“It becomes very clear that the publicity surrounding this story has a very little to do with medicine and a lot to do with a convenient crisis that is being used by those pushing for the legalization of abortion around the world,” she wrote.



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Hillary’s litmus test for Supreme Court picks: They must ‘preserve Roe v. Wade’

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DERRY, NH, February 5, 2016 (LifeSiteNews) - Hillary Clinton has a litmus test for Supreme Court nominees - several, in fact. At a Democratic event on Wednesday, Clinton unveiled her criteria in selecting a judge for the nation's highest court.

“I do have a litmus test, I have a bunch of litmus tests," she said.

"We’ve got to make sure to preserve Roe v. Wade, not let it be nibbled away or repealed,” she said.

There have been over 58,000,000 abortions since the 1973 court ruling legalizing abortion in all 50 states, according to National Right to Life.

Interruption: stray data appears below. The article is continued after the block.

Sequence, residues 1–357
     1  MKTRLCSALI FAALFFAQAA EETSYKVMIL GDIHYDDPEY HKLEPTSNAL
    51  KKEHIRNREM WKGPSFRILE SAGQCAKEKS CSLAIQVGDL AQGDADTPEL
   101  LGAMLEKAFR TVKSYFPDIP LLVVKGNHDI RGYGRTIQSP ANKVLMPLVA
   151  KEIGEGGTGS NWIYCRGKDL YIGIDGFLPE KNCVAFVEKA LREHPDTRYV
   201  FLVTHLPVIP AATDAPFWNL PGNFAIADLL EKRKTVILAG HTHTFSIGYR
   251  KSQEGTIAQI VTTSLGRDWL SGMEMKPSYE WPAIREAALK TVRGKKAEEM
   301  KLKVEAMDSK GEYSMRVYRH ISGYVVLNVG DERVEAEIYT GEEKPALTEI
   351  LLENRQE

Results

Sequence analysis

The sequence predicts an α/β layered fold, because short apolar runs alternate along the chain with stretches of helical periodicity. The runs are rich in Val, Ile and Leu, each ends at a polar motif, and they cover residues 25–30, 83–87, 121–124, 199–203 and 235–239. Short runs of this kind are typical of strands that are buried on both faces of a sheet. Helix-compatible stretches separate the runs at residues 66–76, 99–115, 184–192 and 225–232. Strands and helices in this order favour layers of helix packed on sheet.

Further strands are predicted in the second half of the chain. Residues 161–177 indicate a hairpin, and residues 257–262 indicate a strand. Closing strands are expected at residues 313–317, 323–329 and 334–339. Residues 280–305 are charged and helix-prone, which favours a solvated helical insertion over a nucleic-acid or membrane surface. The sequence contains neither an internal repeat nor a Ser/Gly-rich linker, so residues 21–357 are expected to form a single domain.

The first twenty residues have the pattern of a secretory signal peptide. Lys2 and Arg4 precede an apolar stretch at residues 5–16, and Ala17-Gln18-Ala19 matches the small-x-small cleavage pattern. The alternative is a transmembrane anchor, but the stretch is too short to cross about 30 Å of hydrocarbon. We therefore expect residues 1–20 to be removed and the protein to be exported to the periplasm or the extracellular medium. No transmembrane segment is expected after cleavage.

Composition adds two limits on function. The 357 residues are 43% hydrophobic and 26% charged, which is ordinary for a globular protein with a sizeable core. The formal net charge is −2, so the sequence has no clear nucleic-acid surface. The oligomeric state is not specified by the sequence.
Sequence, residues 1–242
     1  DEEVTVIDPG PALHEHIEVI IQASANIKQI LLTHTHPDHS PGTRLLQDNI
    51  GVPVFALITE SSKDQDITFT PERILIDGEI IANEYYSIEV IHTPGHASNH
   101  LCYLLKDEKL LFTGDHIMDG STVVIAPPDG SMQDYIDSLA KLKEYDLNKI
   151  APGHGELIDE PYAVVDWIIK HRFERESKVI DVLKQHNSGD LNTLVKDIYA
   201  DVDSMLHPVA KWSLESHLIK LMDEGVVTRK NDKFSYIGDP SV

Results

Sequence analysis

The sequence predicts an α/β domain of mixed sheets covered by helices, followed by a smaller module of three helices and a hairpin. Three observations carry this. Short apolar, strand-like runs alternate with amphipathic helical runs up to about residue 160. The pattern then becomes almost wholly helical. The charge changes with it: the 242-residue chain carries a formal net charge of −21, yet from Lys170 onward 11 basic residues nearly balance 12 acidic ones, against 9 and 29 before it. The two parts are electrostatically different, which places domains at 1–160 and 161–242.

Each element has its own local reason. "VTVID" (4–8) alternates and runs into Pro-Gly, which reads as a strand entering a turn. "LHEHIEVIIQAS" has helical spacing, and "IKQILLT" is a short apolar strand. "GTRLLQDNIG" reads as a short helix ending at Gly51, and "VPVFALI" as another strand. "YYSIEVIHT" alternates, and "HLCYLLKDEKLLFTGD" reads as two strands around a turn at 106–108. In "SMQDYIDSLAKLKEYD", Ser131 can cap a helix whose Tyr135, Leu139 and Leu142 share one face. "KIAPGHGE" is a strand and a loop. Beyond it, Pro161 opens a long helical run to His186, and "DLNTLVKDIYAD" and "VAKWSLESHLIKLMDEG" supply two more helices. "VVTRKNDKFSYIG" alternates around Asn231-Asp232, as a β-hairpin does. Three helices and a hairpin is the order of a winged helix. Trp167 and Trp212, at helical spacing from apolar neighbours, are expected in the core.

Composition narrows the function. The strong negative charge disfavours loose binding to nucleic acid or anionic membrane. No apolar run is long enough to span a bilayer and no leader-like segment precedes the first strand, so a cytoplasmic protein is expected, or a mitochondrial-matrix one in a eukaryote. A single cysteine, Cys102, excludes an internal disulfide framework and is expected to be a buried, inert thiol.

That echoes her recent call to arms speech before Planned Parenthood last month, when she stated that taxpayers must fund abortion-on-demand in order to uphold the "right" of choice.

“We have to preserve marriage equality,” Clinton said, referring to last summer's Obergefell v. Hodges case, a 5-4 ruling that redefined marriage nationwide. “We have to go further to end discrimination against the LGBT community."

Her views differentiate her from the Republican front runners. Ted Cruz has called the court's marriage ruling "fundamentally illegitimate," and Donald Trump told Fox News Sunday this week that he would "be very strong on putting certain judges on the bench that I think maybe could change things." Marco Rubio has said he won't "concede" the issue to the one-vote majority.